5. Place the plunger onto the brew chamber. Insert it at a slight angle, then straighten it out to create a nice seal. This should prevent further drip-through, but if more coffee drips out, don’t worry too much. After the timer reaches 01:30, (move the setup off the scale so you don’t break it) then press down on the plunger with some gentle force. You want to aim to finish the plunge in 30 seconds, with a total brew time of 2:00
The AeroPress is great at retaining heat: the polymer used in its construction has very little heat transfer, and consequently there is minimal heat loss. The short brew time ensures that the temperature throughout the extraction is fairly flat, compared to drip-methods which lose a lot of heat and benefit from higher water temperatures to keep the median extraction temperature elevated. Try using even cooler water: 195ºF/90.5ºC with a correspondingly finer grind.
Because the AeroPress offers not only thermal stability but mastery over gravity, it’s a very fertile ground for experimenting with water temperature, grind, and extraction time.
Sprudge brew guides utilize a brew ratio of 16:1 by weight, that is, for every 16 grams of water used, 1 gram of coffee is used. This is slightly more generous than the 60g/L standard recommended by the SCA, as 1000/16=62.5.
Grind measurements are given in subjective analogs, e.g. “like playground sand.” Communicating particle size effectively is near impossible, as grinder settings don’t translate universally. Ultimately, tasting and experience will illuminate the proper range of grinds for each brew method.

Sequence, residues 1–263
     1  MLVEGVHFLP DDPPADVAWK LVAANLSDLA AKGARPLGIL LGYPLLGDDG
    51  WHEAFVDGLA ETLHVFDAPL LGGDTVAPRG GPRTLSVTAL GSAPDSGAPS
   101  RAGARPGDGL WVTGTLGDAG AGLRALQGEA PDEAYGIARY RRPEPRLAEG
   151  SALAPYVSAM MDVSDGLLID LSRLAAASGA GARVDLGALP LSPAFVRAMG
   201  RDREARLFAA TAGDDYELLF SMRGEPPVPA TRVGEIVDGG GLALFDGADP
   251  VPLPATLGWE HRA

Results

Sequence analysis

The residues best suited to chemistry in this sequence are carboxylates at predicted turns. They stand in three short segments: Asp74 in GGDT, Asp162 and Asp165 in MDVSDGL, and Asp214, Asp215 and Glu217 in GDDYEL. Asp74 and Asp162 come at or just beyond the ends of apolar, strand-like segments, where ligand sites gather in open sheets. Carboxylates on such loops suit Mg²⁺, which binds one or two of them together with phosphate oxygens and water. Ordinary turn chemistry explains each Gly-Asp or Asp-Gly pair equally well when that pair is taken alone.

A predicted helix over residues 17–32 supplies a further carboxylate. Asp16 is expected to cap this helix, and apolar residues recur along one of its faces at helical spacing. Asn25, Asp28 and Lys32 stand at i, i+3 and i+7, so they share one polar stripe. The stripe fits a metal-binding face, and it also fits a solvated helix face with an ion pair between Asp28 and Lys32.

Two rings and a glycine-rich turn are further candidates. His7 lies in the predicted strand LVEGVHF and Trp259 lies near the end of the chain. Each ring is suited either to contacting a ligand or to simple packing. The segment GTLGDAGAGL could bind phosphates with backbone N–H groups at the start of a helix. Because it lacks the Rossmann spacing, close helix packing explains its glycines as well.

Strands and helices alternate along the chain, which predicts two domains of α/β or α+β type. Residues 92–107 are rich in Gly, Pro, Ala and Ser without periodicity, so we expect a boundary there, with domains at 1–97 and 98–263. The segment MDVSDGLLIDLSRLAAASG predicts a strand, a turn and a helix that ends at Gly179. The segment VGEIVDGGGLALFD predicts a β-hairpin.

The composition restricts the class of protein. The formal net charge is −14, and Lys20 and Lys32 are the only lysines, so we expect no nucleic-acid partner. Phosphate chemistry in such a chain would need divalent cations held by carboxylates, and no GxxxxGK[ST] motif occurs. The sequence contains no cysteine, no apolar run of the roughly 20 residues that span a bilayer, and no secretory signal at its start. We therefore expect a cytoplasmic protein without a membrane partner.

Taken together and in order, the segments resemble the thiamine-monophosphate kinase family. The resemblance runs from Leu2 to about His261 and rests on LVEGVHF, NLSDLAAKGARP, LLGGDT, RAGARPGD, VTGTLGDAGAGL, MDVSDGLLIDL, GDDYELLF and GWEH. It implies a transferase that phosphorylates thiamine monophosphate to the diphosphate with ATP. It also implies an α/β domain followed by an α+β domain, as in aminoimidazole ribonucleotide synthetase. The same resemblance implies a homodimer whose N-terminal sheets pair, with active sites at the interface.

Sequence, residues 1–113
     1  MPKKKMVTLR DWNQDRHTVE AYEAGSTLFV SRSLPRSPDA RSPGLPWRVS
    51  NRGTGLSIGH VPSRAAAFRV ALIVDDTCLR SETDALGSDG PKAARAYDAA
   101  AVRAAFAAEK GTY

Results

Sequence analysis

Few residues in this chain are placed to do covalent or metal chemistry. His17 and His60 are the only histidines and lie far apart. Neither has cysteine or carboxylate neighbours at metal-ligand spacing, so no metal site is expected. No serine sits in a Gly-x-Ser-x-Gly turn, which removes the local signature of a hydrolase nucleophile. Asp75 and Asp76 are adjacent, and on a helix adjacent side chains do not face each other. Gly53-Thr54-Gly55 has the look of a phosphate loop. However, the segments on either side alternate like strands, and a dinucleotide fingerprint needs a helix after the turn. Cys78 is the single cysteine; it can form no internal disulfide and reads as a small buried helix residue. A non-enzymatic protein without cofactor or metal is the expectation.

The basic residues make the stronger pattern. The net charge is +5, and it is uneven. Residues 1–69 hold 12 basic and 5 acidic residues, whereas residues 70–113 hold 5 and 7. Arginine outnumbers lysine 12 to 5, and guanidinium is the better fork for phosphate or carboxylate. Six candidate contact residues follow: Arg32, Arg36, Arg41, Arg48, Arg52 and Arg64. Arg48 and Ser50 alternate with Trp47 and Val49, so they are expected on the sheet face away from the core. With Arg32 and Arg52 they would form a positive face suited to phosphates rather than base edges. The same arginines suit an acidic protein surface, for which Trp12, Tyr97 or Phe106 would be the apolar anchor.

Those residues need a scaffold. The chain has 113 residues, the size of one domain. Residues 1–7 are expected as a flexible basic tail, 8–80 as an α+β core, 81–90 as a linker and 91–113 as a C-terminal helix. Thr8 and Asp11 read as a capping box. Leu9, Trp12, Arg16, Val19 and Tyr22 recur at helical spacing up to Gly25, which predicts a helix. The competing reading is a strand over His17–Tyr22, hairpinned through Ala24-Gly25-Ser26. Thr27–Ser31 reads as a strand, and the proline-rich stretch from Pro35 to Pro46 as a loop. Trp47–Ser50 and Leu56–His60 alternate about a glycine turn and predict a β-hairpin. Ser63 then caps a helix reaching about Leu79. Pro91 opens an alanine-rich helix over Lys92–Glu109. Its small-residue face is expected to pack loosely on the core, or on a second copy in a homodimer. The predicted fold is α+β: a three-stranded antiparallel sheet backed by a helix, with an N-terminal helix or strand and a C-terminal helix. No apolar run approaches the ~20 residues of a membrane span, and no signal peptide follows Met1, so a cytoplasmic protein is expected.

We specify a “bloom” of 30 seconds. Try a little longer if the coffee is really fresh.
The rate at which coffee extracts is influenced by a set of variables: surface area, water temperature, agitation, flow rate, and so forth. Once you get consistent, confident, and consistently confident, try to juggle the variables a bit: grind finer and use slightly cooler water. Grind coarser and let it steep longer. This balancing act ensures that there’s no single right way to do any of this… just use your noggin, but more importantly, use your taste to guide you.
Generally, if a coffee is thin, hollow, grassy, sour, lacks sweetness, it’s not extracted enough. The most effective way to correct this is to make the grind finer and keep everything else the same. If a brew is bitter, harsh, astringent, it’s over-extracted: next time, try coarsening up the grind.
Joe Coffee AeroPress Brew Guide
Dogwood Coffee AeroPress Brew Guide
Amavida Coffee AeroPress Brew Guide
Equator Coffees AeroPress Brew Guide
Partners Coffee AeroPress Brew Guide
Pilot Coffee Roasters AeroPress Brew Guide
Intelligentsia Coffee Brew Guide
Do you have an AeroPress brew guide or video? Let us know!
Stumptown Coffee AeroPress Brew Video
James Hoffmann’s AeroPress Dice
Matthew P. Williams contributed to this reporting. Photographs by Bryan Schiele.